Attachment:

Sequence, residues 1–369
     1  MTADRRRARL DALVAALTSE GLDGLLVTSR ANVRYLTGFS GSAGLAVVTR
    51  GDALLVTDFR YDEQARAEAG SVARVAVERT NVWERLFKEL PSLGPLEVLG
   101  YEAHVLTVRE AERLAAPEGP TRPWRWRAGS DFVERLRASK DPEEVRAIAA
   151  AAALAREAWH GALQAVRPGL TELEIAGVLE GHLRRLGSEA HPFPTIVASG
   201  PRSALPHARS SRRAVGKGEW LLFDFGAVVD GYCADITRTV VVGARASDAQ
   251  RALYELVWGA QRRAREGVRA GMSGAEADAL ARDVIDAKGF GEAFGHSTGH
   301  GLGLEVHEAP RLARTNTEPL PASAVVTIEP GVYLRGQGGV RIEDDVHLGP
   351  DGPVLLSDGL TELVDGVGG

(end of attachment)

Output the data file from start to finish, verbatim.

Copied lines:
Sequence, residues 1–369
     1  MTADRRRARL DALVAALTSE GLDGLLVTSR ANVRYLTGFS GSAGLAVVTR
    51  GDALLVTDFR YDEQARAEAG SVARVAVERT NVWERLFKEL PSLGPLEVLG
   101  YEAHVLTVRE AERLAAPEGP TRPWRWRAGS DFVERLRASK DPEEVRAIAA
   151  AAALAREAWH GALQAVRPGL TELEIAGVLE GHLRRLGSEA HPFPTIVASG
   201  PRSALPHARS SRRAVGKGEW LLFDFGAVVD GYCADITRTV VVGARASDAQ
   251  RALYELVWGA QRRAREGVRA GMSGAEADAL ARDVIDAKGF GEAFGHSTGH
   301  GLGLEVHEAP RLARTNTEPL PASAVVTIEP GVYLRGQGGV RIEDDVHLGP
   351  DGPVLLSDGL TELVDGVGG